Love, sex and vengeance at the Blackbird
By Donald V. Calamia
Originally printed 6/18/2009 (Issue 1725 - Between The Lines News)
There's a reason - several, actually - why Tennessee Williams' "Orpheus Descending" is so rarely produced. Considered a failure after a 68-performance run on Broadway in 1957, the three-act, three-hour tragedy (based on an earlier work, "Battle of Angels") is packed with far-too much plot, symbolism and imagery, and its necessary back-story is much-too complicated. Plus, Cold War America wasn't quite ready for a frank discussion on such hot-button topics as pre-marital sex, abortion, racism and bigotry.
Yet "Orpheus Descending" (which the playwright called an "emotional bridge between my early years and my present state of existence as a playwright") is also blessed with Williams' superb dialogue and passionate characters, and that's what director Lynch Travis excels at delivering in the production now on stage at Ann Arbor's Blackbird Theatre. And he does so in a riveting night that seems to run far closer to two hours than nearly three!
Based on the legendary Orpheus of Greek mythology and mixed with themes and character types found in Williams' better-known works, "Orpheus" unfolds in a mercantile store in a small, unnamed Southern town in the early 1950s. Its elderly owner, Jabe Torrance (played by Marty Smith), is dying of cancer, so his much-younger wife, Lady (Emily Wilson-Tobin), hires a handsome, 30-year-old drifter, Valentine Xavier (Barton Bund), to help with the business. And help he does, as the townswomen are all aflutter over the charming, guitar-strumming stranger - much to the chagrin of Sheriff Talbot (Dan Morrison), whose wife, Vee (Linda Rabin Hammell), is among the young man's fans. But trouble boils when Val and Lady are drawn closer - and a long-held secret is finally revealed.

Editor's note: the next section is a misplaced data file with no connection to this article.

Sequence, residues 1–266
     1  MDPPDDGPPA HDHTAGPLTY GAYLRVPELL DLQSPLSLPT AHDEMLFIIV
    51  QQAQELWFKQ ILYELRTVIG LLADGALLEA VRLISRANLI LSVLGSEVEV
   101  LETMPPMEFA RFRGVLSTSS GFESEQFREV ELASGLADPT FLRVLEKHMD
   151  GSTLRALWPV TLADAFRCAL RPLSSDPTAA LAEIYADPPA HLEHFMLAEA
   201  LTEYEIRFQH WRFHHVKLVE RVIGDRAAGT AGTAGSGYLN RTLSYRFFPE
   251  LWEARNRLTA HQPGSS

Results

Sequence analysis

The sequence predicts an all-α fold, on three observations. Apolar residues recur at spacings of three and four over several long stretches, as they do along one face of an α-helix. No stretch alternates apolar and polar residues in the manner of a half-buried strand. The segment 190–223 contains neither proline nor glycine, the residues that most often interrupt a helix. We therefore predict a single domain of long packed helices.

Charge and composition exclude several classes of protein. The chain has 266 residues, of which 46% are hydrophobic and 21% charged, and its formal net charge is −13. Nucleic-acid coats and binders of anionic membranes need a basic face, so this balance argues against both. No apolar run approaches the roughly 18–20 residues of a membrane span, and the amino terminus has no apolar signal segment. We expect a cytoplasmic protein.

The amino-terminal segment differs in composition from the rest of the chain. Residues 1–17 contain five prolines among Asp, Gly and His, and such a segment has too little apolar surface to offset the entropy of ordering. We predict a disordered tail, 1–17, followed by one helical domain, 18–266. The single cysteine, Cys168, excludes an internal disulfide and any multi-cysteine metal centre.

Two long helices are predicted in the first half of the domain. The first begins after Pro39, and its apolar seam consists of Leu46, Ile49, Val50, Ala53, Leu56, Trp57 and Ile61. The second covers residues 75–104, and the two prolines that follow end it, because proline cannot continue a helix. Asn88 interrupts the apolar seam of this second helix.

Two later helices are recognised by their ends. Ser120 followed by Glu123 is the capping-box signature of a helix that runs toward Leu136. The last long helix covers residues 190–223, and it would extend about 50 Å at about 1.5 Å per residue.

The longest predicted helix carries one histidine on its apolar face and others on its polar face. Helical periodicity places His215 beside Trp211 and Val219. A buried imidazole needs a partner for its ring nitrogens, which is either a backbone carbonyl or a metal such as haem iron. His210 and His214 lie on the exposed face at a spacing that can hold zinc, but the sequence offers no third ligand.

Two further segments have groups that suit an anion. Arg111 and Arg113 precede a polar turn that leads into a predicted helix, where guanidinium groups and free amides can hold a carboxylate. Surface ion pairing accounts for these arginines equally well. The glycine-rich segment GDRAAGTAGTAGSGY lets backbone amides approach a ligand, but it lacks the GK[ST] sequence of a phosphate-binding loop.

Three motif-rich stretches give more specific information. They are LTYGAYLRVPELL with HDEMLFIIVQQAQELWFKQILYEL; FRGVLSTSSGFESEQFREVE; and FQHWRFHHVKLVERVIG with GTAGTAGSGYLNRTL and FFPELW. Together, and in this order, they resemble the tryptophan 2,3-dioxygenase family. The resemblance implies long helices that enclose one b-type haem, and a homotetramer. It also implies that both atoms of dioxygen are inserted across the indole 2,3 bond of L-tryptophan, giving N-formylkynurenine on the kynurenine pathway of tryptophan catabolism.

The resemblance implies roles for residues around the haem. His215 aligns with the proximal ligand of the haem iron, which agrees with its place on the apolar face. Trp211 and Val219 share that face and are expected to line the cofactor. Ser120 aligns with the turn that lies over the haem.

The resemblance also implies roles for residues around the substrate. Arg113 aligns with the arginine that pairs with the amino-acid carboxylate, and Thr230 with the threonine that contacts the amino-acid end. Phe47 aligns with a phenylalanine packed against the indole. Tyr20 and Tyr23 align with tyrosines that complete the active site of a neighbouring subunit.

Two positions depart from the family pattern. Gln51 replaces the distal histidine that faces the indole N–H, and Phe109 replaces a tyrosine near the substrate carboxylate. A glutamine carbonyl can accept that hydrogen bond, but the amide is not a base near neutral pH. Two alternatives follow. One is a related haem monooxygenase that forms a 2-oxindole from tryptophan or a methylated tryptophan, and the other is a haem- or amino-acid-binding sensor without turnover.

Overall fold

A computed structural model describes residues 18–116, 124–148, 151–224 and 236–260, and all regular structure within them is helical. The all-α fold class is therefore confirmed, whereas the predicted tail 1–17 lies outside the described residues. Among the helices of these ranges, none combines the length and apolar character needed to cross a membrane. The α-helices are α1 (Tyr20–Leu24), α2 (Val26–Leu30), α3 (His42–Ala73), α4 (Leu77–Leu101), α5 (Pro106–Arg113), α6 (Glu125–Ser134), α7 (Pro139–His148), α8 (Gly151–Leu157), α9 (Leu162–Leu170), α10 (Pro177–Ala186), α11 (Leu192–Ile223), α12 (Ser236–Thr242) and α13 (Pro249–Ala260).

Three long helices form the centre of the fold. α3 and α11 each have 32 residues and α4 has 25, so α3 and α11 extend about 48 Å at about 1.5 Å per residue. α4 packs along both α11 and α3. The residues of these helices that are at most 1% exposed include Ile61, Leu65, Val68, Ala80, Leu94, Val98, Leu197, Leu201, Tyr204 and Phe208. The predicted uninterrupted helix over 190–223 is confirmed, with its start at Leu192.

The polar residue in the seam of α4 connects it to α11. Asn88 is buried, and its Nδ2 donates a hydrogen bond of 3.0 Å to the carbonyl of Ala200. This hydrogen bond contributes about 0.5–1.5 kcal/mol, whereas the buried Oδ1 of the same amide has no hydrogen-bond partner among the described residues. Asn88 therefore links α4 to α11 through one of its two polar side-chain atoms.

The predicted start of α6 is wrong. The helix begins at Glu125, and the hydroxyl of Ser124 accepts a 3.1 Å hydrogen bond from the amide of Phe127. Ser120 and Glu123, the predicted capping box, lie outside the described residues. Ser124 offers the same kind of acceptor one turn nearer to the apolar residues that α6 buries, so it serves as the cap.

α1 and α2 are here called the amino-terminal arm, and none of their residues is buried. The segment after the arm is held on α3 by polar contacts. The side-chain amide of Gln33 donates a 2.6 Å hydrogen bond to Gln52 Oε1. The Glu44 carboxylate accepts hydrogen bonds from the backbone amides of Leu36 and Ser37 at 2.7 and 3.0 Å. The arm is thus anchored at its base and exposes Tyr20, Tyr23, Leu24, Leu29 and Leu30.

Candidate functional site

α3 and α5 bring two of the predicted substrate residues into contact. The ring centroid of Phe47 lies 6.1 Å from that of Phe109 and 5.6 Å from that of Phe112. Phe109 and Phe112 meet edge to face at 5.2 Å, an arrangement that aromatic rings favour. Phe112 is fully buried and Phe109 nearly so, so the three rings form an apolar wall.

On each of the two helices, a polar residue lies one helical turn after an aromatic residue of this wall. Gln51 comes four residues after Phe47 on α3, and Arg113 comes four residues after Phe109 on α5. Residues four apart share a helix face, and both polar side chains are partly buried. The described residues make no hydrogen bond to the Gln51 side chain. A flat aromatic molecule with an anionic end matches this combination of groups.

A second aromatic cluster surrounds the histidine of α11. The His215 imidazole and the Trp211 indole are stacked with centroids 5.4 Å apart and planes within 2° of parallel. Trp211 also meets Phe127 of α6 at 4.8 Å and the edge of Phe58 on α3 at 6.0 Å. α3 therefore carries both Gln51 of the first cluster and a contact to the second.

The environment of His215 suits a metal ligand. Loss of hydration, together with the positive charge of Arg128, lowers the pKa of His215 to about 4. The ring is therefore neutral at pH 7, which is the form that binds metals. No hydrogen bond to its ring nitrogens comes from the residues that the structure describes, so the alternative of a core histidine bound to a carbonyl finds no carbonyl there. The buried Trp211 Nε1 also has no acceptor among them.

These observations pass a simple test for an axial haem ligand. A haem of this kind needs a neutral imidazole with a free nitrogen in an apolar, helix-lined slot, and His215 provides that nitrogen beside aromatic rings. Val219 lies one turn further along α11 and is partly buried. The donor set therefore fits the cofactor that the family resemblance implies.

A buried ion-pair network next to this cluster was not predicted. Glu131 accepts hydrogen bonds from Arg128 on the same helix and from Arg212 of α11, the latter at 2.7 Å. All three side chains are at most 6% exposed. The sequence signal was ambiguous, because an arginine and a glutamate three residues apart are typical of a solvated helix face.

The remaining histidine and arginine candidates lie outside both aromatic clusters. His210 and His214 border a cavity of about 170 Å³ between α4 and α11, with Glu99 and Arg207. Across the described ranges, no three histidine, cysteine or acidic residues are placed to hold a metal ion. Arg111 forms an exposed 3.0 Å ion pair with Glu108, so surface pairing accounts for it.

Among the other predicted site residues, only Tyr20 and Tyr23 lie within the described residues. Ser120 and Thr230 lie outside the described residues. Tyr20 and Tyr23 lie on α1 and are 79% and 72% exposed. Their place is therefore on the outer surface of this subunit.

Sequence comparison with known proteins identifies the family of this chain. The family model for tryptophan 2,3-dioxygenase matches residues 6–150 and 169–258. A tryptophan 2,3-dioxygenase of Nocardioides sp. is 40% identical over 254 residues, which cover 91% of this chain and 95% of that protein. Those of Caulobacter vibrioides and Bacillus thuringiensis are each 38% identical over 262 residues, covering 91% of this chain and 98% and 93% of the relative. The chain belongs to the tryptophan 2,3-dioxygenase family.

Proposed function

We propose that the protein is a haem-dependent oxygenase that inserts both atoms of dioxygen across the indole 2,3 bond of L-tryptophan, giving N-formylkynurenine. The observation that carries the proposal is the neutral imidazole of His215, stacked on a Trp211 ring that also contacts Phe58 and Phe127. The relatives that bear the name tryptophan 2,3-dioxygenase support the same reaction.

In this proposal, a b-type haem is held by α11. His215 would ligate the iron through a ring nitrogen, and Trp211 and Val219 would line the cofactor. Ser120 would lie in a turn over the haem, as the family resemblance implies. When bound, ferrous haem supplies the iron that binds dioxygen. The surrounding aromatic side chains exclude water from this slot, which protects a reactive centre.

For directors, though, the trouble begins with the opening prologue. Written as one, very long (and potentially extremely dull) conversation between a Greek Chorus-like pair of gossipmongers, its purpose is to provide the audience with all of the past history it needs to know to follow the plot. Travis wisely keeps the pace brisk and the actors focused, as Amy Griffith and Vanessa Renee Sawson have great, giddy fun with their roles - both here and throughout their handful of appearances.
In fact, Travis' overall pacing and casting choices serve the show quite well.
Supporting actors are generally fine, with Courtney Myers (Carol Cutrere), Sarah Burcon (Nurse Porter), Jamie Weeder (Eva Temple) and Connie Cowper (Sister Temple) among the notables. (There are 16 actors in the cast.)
And Hammell continues to dominate the stage with yet another idiosyncratic character. (Two scenes with Bund were almost flawless on opening night.)
But Bund and Wilson-Tobin carry the show, and while they don't sizzle and steam up the stage as the ill-fated lovers, both offer nicely nuanced and heart-felt performances. (Bund's Louisiana accent is especially impressive, which he maintains throughout.)
The production's technical elements are among the best efforts yet at the Blackbird. Dave Early's set - right down to the wood floor - is excellent, which Beth Duey dressed quite well (except for the plastic Clorox bottle, which wasn't manufactured until 1960).
Problems with the show are mostly nit-picky. Lady should be noticeably (but not significantly) older than Val, while the actual age difference between Eva and Sister is too great. (They look like mother and daughter rather than siblings.) The sheriff's henchmen aren't the least bit threatening, and the tragic ending - with the dramatic action taking place off stage and out of sight - isn't the least bit satisfying.
Blackbird Theatre, 1600 Pauline, Ann Arbor. Friday-Sunday through June 27. $20. 734-332-3848. http://www.blackbirdtheatre.org
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Stigma: a mark of disgrace associated with a particular circumstance, quality or person. Hearing the words "I'm HIV-positive" made Bryan (names and some details have been changed) freeze.View More World AIDS Day
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